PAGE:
Friday, August 14, 2009

Fish Really is Brain Food

Even though we have been told that fishing is murder and at some future date it may be treated as a crime, older adults who regularly eat fish seem to have a lower risk of dementia, a new study suggests.
Researchers believe that the brain benefits come from the omega-3 fatty acids found most abundantly in oily fish like salmon, mackerel and albacore tuna.
There is a joke in here somewhere, but the brain is largely composed of fat.
Fats, along with water, are the chief components of brain cell membranes and the specialized tissues enclosing the nerves.

The brain needs the long-chain omega-3 fatty acids found in fish, which are called eicosapentenoic acid (EPA) and docosahexenoic acid (DHA).

Fish get them from the algae they eat. Even though some leafy green vegetables, as well as walnuts, flaxseed, and canola oil, contain shorter-chain omega-3s; these are not readily converted by our bodies into EPA and DHA.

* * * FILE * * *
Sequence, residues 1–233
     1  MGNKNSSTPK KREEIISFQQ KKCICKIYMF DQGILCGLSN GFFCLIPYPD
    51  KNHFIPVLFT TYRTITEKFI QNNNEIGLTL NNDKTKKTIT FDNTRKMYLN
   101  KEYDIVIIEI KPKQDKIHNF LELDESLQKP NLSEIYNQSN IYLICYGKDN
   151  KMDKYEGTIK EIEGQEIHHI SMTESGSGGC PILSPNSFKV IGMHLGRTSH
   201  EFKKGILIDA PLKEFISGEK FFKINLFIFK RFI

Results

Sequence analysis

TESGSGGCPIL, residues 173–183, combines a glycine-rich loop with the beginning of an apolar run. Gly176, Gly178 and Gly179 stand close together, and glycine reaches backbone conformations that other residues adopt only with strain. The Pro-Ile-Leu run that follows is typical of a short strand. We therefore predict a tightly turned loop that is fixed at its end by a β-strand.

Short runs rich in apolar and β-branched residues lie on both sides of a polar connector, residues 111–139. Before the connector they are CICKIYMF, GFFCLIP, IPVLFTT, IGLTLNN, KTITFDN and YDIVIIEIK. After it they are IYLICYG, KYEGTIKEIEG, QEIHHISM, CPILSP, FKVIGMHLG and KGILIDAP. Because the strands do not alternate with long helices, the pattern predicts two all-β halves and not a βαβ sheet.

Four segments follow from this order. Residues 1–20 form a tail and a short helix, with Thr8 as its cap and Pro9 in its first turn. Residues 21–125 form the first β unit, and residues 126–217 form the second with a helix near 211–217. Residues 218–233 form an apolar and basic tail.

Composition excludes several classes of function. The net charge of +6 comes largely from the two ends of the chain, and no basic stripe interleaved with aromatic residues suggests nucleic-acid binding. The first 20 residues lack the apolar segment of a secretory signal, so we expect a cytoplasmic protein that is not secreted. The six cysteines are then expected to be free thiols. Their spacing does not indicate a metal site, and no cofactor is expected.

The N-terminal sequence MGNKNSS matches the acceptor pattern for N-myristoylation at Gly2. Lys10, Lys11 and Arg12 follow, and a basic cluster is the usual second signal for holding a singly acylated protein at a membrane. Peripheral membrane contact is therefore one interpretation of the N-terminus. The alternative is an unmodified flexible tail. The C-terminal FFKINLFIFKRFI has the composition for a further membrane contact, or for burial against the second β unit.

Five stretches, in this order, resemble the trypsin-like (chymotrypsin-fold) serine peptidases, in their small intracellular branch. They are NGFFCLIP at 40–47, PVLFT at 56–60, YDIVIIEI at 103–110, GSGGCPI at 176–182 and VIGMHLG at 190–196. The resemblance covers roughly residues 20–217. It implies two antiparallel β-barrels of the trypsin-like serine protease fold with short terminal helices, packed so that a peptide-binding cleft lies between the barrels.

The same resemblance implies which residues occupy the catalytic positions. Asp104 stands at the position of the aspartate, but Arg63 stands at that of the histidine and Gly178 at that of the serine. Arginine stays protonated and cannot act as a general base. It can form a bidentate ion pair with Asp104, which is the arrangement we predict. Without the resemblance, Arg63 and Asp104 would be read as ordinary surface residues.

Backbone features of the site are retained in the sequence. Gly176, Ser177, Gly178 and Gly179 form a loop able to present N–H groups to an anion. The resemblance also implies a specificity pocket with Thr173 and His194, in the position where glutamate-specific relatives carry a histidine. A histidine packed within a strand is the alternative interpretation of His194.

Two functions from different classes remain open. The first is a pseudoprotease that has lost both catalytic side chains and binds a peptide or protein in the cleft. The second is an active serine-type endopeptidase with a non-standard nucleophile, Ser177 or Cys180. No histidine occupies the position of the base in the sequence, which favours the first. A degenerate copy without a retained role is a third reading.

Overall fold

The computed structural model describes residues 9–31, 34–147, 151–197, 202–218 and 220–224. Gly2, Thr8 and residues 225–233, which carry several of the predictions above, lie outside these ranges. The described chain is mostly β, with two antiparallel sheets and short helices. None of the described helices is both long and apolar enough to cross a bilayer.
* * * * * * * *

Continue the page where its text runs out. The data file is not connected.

There have been some interesting studies that suggest fish oil may be of some help in treating manic depression and schizophrenia.

Fatty fish is definitely good for your heart. Omega-3s cut the risk of blood clots and thus lessen the chance of a heart attack. The American Heart Association now recommends that you eat two servings or more of fish a week. A diet that benefits your heart is likely to benefit your brain as well.